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Best Practices for Earnings Call Preparation

Posted on January 30th, 2013. Posted by

Best Practices for Earnings Call Preparation

While every quarter is different, the “playbook” for preparing senior management for a successful earnings conference call is largely the same. Specifically, the best prepared CEOs and CFOs follow a set of key strategic and tactical steps designed to bring them through a review of all of the essential elements pertinent to the investment community’s analysis of quarterly earnings. In short, CEOs and CFOs that have allocated adequate time to understanding the results, in the context of both internal and external expectations, and are capable of addressing all possible topics with ease and transparency will succeed. Drafting the conference call script is just one piece of this important process. Below, we walk you through these best practices of an effective earnings call.

1. Establish a timeline of deliverables at the outset so all participants know what is expected of them and when.

  • Map out the mission-critical items, such as preparing the earnings press release and all the necessary financial tables and disclosures; the requisite SEC filings; the drafting of the conference call scripts and any supporting documents (e.g., slides); the creation of a Q&A document; and the dry-run.
  • Include administrative tasks such as arranging for the call itself, creating the queue order in which analysts will ask questions on the call, obtaining the proper pre-clearance of the press release with the Nasdaq or NYSE and so forth.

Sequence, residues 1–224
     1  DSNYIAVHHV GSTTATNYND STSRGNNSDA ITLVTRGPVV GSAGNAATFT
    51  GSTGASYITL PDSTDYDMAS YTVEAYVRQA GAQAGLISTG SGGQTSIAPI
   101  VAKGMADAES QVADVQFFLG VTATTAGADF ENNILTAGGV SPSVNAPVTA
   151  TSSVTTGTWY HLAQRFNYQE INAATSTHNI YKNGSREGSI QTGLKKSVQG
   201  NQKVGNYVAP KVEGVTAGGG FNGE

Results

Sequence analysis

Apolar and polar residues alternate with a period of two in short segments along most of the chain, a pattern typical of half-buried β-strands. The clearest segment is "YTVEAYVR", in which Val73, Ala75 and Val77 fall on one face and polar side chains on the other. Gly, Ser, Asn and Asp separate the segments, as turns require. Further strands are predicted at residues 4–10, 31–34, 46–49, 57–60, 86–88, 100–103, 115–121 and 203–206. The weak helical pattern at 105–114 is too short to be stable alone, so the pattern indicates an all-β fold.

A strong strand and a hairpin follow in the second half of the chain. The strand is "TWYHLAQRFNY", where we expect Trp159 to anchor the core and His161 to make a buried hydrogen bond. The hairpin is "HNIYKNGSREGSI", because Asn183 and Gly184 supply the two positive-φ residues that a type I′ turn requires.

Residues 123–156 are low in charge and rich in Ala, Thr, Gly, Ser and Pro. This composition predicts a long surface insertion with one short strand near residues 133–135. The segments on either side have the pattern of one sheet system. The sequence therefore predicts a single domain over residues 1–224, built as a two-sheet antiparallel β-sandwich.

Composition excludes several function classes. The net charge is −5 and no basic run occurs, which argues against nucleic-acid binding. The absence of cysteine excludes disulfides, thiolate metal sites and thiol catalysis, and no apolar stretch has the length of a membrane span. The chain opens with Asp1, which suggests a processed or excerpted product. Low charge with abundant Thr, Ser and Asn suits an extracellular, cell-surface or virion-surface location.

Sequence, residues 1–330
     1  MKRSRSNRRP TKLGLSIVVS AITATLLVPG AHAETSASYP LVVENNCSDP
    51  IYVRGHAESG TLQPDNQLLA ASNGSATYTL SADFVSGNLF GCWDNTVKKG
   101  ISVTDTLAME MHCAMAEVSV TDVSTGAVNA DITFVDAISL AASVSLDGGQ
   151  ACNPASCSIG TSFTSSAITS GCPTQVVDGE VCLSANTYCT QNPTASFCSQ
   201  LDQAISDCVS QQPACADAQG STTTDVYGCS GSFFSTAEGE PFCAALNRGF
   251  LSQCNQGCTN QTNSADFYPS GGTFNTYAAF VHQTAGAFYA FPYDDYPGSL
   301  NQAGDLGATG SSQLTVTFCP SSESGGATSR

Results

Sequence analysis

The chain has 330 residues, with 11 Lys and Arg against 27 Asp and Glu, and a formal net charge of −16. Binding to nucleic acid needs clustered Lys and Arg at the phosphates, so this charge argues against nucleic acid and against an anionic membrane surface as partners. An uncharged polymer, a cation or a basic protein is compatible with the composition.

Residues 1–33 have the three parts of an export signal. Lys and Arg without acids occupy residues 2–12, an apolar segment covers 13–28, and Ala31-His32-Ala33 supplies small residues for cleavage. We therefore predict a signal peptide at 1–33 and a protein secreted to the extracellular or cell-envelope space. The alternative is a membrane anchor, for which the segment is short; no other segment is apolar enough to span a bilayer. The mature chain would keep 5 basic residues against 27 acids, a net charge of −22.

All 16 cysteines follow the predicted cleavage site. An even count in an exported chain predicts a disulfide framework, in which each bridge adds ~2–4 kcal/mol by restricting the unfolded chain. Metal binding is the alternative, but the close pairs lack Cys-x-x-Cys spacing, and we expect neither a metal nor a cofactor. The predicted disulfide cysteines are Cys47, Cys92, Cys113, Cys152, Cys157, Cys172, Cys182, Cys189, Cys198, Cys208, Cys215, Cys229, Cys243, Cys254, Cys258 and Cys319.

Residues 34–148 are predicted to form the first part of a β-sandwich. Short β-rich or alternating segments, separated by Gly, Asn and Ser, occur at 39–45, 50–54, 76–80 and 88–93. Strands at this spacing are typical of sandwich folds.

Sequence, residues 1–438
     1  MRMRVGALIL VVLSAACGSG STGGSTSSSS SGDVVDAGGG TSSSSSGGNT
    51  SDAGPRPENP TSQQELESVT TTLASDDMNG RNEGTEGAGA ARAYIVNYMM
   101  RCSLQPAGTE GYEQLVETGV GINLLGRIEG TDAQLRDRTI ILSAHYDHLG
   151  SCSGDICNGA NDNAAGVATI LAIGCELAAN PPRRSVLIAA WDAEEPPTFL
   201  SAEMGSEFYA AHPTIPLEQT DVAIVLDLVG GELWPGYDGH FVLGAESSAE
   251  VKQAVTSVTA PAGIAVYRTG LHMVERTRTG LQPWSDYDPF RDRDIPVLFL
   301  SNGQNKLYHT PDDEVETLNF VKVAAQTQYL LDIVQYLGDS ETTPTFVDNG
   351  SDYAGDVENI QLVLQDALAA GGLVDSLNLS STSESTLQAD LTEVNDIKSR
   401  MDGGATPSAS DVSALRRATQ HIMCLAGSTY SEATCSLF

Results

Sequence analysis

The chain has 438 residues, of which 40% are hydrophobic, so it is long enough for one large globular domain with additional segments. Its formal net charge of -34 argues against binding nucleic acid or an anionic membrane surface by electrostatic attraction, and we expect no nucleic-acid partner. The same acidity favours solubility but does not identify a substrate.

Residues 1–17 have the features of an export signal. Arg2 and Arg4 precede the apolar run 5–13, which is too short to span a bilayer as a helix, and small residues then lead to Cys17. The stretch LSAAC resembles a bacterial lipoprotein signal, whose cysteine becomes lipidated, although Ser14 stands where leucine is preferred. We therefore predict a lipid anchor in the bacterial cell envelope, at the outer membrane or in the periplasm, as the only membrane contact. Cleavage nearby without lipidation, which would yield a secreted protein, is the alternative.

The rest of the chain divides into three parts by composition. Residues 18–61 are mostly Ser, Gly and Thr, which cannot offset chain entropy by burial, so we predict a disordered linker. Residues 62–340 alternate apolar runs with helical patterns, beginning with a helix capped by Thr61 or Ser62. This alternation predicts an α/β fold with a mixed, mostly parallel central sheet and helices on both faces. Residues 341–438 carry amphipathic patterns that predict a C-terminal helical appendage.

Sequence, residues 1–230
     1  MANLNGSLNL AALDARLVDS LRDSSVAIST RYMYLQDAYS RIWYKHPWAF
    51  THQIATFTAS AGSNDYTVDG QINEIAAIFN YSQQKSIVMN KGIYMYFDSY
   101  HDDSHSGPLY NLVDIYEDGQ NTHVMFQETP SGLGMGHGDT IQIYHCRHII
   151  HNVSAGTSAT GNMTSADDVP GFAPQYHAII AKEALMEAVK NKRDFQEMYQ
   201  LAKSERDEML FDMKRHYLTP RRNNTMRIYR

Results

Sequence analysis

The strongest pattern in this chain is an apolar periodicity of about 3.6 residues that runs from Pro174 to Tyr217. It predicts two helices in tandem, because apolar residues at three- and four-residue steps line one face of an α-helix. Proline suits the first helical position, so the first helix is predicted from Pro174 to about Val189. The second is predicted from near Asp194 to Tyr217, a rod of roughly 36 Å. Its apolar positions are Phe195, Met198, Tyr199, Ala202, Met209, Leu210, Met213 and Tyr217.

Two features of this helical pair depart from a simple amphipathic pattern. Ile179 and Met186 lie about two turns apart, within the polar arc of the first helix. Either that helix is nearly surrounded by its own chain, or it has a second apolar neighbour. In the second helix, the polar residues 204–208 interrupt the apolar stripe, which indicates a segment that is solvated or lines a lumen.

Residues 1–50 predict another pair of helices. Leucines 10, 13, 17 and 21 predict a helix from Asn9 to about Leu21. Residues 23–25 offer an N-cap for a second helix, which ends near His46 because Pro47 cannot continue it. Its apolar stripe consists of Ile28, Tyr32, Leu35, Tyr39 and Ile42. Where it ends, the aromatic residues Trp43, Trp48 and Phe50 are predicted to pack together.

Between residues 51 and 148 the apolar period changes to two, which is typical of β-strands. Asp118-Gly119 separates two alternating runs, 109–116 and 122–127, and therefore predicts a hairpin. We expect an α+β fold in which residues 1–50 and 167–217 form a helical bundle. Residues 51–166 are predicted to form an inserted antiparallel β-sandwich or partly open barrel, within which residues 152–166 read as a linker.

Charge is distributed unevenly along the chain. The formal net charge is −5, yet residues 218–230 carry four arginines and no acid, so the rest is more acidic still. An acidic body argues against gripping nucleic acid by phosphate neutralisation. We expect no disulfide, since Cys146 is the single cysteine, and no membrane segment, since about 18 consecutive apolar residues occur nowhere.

• Be mindful of potential bottlenecks such as audit committee approval and legal review.

The importance of a timeline cannot be understated: it keeps the process moving smoothly and prevents important steps from slipping through the cracks.

2. Begin every earnings call preparation period with a thorough analysis of the results you will be reporting and consideration of the key messages you want to convey (the highlights as well as the lowlights.)

  • Evaluate results and identify notable performance outliers relative to expectations and/or guidance. These include revenues, margins and EPS, and other relevant metrics such as development milestones or the number of system installations.
  • Analyze both year-over-year and sequential trends. Remember that the Street largely regards results with a year-over-year lens so if sequential trends are important, be sure to provide context for that and clearly delineate between both metrics.
  • Determine how much detail you will disclose on a division or product line basis. Consistency is paramount – avoid the temptation to give a data point one quarter (especially if it’s good) and withhold it the next (especially if it’s bad).